Effects of Sleep Deprivation

Both acute and chronic sleep deprivation can lead to mental health repercussions. And researchers have found it doesn’t take long for this sleep problem to rear its ugly head.

Sleep Deprivation and Mental Health

Lack of sleep can immediately impact a person’s anxiety levels. In fact, all it takes is one night of poor sleep to make stressful situations harder to deal with. According to a team of UC Berkeley scientists last year, one sleepless night can trigger a 30% spike in anxiety levels.

That’s because our ability to deal with stress depends on a full night of sleep. Deep sleep, or non-rapid eye movement slow-wave sleep, allows neural pathways to synchronize and work efficiently. Without it, our brains are ill-prepared to deal with stressful situations and anxiety ends up being amplified.

As the UC Berkeley researchers found, brain scans showed a night of no sleep leads to a shutdown of the medial prefrontal cortex, which is the part of the brain that helps manage anxiety. At the same time, the brain’s emotional regulators were overworked. The result is people become overly irritable, stressed, and unable to properly navigate their emotions on little sleep.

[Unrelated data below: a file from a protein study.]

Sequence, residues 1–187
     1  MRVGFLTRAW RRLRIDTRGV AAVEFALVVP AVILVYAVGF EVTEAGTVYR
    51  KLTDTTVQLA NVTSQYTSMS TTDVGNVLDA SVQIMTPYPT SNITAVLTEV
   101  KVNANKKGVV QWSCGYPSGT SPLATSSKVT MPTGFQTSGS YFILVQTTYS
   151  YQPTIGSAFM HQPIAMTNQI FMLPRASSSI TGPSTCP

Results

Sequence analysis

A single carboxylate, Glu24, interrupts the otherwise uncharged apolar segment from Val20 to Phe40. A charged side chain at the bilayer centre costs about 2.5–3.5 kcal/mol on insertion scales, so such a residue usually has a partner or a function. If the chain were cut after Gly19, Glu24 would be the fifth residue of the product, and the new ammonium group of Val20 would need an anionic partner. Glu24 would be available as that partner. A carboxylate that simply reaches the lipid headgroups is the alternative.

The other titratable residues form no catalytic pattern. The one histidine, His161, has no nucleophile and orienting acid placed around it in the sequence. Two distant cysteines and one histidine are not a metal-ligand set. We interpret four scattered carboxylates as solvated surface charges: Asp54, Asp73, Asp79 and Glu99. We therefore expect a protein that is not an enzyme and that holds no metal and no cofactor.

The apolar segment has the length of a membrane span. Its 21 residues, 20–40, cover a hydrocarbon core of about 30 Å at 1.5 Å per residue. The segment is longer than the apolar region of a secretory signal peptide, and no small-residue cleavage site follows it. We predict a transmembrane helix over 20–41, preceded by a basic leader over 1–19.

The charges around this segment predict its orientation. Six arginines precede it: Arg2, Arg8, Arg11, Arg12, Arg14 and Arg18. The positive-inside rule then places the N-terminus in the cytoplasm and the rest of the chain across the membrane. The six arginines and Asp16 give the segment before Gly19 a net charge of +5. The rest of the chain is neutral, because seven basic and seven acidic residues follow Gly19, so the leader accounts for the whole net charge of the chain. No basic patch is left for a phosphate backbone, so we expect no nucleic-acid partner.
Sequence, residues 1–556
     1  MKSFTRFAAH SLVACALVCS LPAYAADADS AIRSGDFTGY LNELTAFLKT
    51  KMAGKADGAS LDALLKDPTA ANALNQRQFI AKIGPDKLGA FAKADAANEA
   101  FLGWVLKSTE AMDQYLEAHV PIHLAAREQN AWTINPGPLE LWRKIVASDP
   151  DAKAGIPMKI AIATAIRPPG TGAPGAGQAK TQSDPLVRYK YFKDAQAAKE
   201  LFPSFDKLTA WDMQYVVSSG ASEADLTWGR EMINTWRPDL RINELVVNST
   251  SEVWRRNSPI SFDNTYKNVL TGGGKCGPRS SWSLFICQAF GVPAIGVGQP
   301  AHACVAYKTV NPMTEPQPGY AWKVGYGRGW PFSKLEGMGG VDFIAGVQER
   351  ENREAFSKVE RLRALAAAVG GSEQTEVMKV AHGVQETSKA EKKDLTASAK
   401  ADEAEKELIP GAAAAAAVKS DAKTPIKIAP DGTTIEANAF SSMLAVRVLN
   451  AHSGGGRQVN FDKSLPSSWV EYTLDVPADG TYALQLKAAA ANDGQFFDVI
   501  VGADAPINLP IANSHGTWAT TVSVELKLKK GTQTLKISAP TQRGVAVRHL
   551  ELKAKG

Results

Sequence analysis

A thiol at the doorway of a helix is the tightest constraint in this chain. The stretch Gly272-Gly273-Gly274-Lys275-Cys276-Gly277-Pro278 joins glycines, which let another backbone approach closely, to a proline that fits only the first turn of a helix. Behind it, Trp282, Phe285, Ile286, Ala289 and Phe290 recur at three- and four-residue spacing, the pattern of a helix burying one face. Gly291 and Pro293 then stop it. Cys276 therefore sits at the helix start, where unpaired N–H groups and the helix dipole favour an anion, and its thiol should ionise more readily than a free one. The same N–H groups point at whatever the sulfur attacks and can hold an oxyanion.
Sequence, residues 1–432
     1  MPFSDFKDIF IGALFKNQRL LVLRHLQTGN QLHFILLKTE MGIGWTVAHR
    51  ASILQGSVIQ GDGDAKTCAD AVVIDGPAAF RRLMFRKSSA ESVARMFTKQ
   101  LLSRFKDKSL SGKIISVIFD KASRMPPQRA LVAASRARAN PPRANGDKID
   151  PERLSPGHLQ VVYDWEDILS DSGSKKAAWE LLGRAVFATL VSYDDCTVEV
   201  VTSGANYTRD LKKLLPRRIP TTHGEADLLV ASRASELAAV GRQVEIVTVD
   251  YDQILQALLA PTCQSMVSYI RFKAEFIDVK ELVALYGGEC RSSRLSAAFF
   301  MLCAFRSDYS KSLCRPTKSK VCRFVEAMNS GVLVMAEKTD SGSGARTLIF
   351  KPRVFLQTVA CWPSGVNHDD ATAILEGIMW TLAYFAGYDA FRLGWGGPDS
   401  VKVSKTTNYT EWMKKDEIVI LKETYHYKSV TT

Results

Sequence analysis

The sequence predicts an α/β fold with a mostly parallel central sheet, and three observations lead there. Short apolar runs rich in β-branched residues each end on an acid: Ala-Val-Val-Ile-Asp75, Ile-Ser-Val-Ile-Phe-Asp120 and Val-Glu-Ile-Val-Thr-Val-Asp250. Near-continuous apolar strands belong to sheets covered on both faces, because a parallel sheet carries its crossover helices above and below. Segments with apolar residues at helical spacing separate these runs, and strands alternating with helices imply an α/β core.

Check out this recent article, What Happens to My Brain When I’m Sleep Deprived for more information about the effects of sleep deprivation on the brain.

Sleep Deprivation Leads to Memory Loss and Poor Concentration

If you’re wondering, does sleep deprivation cause memory loss, the answer is simply – yes. Sleep plays a key role in memory recall. It also affects our ability to concentrate.

Brain waves responsible for storing memories are produced during sleep. These brain waves help transfer memories from the hippocampus to the prefrontal cortex. The prefrontal cortex is where long term memories are stored. If memories never reach the prefrontal cortex and are stuck in the hippocampus, long-term memories aren’t formed. This leads to forgetfulness.

A recent study from Michigan State University, looking at 138 participants, drove home the importance of sleep for thinking and concentration. The study found that sleep deprived people make twice as many placekeeping errors and have three times as many attention lapses as those who get a full amount of sleep. (The researchers measured placekeeping as a person’s ability to follow multiple steps to complete a task.)